I can tell what country a white man is from by his pants. I can tell what part of Africa a man is from by his skin tone and hair style. I know a French girl before she speaks. I know a South American by their tank tops. I've been chided by Europeans for America's medical care system, and told by Middle Eastern men that my country is ignorant and racist toward their kind. I've had classmates from all corners of the globe and have decided that being from America - a land of such comparative wealth and freedom - is a blessing not to be taken lightly. (can't choose where you are born!)
I've been mentored by two amazing women, one Malaysian, one South African, one of which is now in America attending seminary and one who has passed away entirely too soon. I've attended one African wedding and three C.hinese weddings. One of which I gave a speech in Chi.nese and acted as the lone bridesmaid.
I've had four jobs that I love - university english teacher, private english tutor, hospital english teacher, and am now in my second year as an adjunct professor for the university that sent me here. Talk about full circle. I've had over 300 Chi.nese students and 50 American students. The orphan program is now entirely Chi.nese run and has exploded beyond my wildest dreams. Over 50 heart surgeries have been funded through local efforts. I have worked myself out of a job. I am not needed anymore, and that is a wonderful feeling. I could disappear tomorrow and the orphan work will continue regardless.
I've learned that hot water cures all ailments, sweaters should be worn when it is less than 80 degrees, sparkles and hairbows are perfectly ok and even expected during the day, and that wearing your clothes for more than one day in a row is normal. I say, "maybe" too often, grunt, "mmmm" at people instead of saying "ok," and have learned how to cross traffic without having a heart attack. I know to get on the bus with my elbows out and that 24 hour hot water is a luxury, as is a soft mattress, air condition, and central heating.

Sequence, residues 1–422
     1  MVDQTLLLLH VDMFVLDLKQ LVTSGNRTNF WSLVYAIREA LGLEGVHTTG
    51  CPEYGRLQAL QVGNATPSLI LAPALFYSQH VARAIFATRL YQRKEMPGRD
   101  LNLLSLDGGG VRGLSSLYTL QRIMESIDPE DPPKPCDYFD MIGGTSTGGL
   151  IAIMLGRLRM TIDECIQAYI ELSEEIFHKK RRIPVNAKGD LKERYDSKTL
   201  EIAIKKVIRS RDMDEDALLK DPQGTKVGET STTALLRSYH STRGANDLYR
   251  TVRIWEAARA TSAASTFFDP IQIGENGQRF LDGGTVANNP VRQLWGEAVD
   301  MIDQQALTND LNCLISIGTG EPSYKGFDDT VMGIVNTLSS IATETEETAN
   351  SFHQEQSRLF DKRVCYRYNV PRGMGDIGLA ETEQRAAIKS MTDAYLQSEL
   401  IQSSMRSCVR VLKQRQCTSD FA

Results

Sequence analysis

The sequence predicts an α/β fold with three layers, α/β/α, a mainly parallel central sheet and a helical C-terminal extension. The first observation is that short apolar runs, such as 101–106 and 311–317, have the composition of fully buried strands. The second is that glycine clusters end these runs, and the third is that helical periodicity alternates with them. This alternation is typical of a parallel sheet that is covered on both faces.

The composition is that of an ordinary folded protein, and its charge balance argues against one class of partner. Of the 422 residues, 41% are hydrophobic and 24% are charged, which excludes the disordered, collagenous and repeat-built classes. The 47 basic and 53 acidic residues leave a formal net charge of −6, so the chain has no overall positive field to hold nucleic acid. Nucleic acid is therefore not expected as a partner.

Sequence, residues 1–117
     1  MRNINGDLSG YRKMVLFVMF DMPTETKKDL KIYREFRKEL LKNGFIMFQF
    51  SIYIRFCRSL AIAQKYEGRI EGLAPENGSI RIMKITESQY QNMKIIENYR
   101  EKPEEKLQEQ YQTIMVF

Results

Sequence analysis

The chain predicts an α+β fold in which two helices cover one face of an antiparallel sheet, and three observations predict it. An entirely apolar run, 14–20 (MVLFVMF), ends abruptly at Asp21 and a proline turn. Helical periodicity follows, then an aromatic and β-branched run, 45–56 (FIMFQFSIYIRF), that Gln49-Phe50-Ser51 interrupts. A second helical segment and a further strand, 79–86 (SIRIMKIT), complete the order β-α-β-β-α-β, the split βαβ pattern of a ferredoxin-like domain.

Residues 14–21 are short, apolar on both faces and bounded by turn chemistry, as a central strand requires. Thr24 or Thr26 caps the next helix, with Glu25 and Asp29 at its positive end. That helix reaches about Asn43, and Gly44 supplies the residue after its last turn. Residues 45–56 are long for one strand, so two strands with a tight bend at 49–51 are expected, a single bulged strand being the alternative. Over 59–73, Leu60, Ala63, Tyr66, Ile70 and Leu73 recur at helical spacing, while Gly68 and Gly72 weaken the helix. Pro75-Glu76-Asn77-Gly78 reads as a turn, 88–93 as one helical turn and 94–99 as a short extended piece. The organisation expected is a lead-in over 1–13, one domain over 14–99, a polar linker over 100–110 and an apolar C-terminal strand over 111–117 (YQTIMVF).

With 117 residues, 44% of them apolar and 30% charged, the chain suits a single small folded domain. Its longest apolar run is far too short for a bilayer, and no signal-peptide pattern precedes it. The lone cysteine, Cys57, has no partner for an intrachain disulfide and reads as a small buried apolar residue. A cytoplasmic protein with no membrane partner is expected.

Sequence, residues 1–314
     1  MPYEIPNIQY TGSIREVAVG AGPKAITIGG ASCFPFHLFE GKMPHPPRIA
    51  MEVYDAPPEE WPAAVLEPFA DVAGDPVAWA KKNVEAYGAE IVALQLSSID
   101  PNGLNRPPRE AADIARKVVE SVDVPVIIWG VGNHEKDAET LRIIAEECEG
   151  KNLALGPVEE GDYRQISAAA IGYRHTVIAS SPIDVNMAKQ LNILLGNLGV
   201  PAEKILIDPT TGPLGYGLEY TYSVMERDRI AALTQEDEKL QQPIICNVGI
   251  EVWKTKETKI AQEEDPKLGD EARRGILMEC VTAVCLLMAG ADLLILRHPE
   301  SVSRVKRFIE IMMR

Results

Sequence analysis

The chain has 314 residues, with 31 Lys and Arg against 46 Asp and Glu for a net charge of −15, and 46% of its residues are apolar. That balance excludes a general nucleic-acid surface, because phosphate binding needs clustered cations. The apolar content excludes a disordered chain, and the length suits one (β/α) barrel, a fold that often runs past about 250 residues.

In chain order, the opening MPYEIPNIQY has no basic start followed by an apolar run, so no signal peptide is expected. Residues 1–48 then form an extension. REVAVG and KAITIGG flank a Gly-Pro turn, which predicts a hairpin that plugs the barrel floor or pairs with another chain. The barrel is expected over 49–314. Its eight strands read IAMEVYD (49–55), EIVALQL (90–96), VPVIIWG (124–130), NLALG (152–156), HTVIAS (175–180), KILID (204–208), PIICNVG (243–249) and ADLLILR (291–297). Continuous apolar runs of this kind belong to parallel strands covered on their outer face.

I've made so many mistakes. I've let people down. I've not held up my end of bargains. I've had freak outs, allowed fear to grab hold of me, and not emailed or called people back in time. I've cried. Oh, how I've cried. You could fill a river with the tears of the past four years. (not pretty). I've been harrassed by a teacher and thrown my passport at the international laison of my university. (not my proudest moment). I've fought the office to change my major (something not common in Ch.ina) and won after shouting, "I can do hard things!" at a dean. I cuss more than I used to and I am worried that my newly enlarged temper might follow me back to the States one day. I am already planning on re-entry counseling because it is going to be necessary.
These past four years have been wild. I have no idea what two more years in Ch.ina will hold. One thing's for sure, I will be different then than I am now. Hallelujah. With more trials, challenges, joys, and triumphs comes more chances to grow.
I have decided that my 20's are dedicated to Ch.ina. These are the years in which I am making my most exotic stories (gosh, I hope). There will be a season for settledness, for marriage, a family, a yard, bills. But for me, those things come after a season of discovery, travel, intercultural relationships, and faith building. All in due time. Or so they say.
There really is only one thing I know for sure - and it's at the end of my life when I stand at the pearly gates, the Big Man is going to say to me, "Well wasn't that one heck of a ride? Come on in and see your friends who are already here. We'll hang out until your other friends arrive." And it will all have been worth it.
It's been four incredible years. I am so thankful and undeserving of the provision, safety, and blessings I've experienced. I always wanted an interesting life. Careful what you wish for. ;)
Here's to another year, Chin.a.
Hip, Hip, Hooray.
walk slow. xoxo.